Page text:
26 March 2011

Old?? Who said old??

Last night, Mark and I watched When Harry Met Sally. I had seen pieces of the movie before, and from my vague recollections, Harry and Sally were quite old when they got together.

I guess when you're in your teens and early 20s, "old" is a relative term. Watching the movie last night, I figured out that Harry and Sally were actually 32 - which is only about two years older than I am right now. And I am certainly not old.

Want another example of skewed perceptions? When I graduated from undergrad, I went to Paris for 8 months to do an internship. All of the interns lived together and most of us were around the "just graduated" age. On my second night there, this one girl - Mylene - kept talking about her skincare regiment and various creams, etc. As she talked, I just kept looking at her and thinking "you're what, 21 - you look like you're 18, why are you so worried about your skin??" Shortly thereafter, I found out she was actually 30. My next thought was, "oh, thirty - she's going to be no fun because she's old." Seriously? Why did I think that people suddenly became old and un-fun when they hit thirty? Is there something that supposedly happens to people partway through their 20s that makes them cranky fuddy-duddies? What lies have we been telling our youth?? As it turned out - Mylene was one of the most fun people out there, and her endurance for late nights, bar-hopping, and being social far outlasted the rest of us.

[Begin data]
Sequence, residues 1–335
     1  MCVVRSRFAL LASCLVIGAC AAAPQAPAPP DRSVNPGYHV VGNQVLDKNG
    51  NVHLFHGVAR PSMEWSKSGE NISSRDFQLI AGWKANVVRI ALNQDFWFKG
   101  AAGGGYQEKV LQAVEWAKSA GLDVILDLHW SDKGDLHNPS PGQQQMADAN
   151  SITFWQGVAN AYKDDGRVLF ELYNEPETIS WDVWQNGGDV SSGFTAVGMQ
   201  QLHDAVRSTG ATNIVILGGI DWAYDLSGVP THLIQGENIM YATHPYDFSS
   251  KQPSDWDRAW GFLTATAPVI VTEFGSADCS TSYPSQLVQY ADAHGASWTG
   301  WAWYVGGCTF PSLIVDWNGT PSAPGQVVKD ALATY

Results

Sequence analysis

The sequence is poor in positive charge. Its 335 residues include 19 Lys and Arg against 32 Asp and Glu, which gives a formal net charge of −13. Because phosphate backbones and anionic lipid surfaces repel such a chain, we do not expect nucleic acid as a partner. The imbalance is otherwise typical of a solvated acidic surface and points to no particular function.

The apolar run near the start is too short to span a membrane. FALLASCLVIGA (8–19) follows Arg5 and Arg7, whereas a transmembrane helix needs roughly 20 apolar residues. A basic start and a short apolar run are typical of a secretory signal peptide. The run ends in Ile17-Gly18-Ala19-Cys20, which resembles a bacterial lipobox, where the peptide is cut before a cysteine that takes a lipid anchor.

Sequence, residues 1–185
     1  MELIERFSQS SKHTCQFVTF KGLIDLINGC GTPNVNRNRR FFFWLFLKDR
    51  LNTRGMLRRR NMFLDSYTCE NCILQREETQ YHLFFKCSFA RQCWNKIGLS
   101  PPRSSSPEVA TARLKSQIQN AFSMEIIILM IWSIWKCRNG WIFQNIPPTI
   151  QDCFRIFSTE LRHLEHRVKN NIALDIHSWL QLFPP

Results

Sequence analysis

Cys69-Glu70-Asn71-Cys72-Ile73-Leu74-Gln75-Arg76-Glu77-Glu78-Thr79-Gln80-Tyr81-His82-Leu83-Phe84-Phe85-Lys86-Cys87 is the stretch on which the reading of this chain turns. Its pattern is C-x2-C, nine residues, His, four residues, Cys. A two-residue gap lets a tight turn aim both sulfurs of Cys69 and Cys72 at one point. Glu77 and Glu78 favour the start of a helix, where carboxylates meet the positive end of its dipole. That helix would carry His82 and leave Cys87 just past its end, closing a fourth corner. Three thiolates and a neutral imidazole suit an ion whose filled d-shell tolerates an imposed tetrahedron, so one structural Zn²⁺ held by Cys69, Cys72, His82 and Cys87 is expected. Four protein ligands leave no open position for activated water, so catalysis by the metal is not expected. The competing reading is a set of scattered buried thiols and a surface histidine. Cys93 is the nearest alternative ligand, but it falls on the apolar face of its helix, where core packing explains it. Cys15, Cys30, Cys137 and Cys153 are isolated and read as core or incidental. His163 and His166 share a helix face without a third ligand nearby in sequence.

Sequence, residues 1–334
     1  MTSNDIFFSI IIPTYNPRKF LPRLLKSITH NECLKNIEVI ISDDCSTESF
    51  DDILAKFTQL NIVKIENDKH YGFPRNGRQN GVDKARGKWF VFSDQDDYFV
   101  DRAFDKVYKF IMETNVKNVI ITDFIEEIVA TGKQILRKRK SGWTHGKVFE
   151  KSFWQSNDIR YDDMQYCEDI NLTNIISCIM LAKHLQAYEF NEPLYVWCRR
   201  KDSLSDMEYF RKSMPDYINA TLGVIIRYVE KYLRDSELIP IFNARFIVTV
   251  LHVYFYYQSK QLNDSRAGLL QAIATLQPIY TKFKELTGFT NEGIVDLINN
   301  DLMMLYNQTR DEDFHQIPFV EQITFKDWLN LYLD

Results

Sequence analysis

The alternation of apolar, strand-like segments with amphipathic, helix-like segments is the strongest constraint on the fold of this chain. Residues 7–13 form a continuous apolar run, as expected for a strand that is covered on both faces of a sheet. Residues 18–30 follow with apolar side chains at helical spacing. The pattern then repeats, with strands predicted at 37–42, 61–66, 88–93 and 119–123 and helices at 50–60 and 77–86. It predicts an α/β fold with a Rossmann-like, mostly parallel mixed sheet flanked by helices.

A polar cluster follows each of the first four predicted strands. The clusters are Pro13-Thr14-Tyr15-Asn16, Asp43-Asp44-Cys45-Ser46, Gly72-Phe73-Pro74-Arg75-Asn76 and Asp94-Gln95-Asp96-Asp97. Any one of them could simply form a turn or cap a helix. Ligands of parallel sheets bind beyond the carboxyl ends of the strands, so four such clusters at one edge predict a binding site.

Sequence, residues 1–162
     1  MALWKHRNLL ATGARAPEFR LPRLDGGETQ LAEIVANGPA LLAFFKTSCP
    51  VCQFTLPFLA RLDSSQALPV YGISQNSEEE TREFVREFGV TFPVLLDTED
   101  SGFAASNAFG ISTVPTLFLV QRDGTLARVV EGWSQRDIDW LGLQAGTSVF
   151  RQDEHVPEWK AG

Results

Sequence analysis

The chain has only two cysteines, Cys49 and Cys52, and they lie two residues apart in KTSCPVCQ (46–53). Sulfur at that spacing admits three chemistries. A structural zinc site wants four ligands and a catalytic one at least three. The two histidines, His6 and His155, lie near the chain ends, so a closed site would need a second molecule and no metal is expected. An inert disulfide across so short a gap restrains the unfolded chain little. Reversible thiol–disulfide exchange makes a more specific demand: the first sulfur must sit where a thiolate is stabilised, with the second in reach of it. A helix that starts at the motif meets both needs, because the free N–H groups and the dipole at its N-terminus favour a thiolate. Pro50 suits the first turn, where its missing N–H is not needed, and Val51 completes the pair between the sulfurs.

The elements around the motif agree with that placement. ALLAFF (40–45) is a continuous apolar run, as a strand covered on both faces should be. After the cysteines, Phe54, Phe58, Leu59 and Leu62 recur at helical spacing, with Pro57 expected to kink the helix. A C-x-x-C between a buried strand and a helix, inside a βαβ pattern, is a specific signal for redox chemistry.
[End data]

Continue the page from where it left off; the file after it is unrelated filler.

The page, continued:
I think I'm having a hard time with this whole turning thirty this year.
But why? Your thirties are allegedly even better than your twenties. You're more established, maybe you are married and have a family of your own - no more dating. You've advanced in your chosen career, you have extra money for expensive hobbies (like triathlon). You know your likes and dislikes, and now can focus on getting yourself to where you want to be - no more wasting time "finding yourself." All of this sounds appealing to me. AND - the 30-34 age group in triathlon is more competitive than the 20-something age groups (meaning people must still be getting faster when they hit 30).

Thirty is not old, forty is not old - triathlon has showed me that 50 and 60, even 70 are not old. Just wiser. In my last half-ironman, I remember chasing down a woman because she looked like she was in my age group - when I got close enough to see her calf, I found out she was actually in her 50s. I am convinced that women who do triathlons often look younger and more in shape than their inactive counterparts. Since it's impossible to stop having a birthday every year, the only way to counteract the negative connotations of "getting older" is to stay active, eat healthy, and take care of myself. Maybe someday I'll be that 50-something getting chased down by a 27 year old, because I look younger than I actually am.

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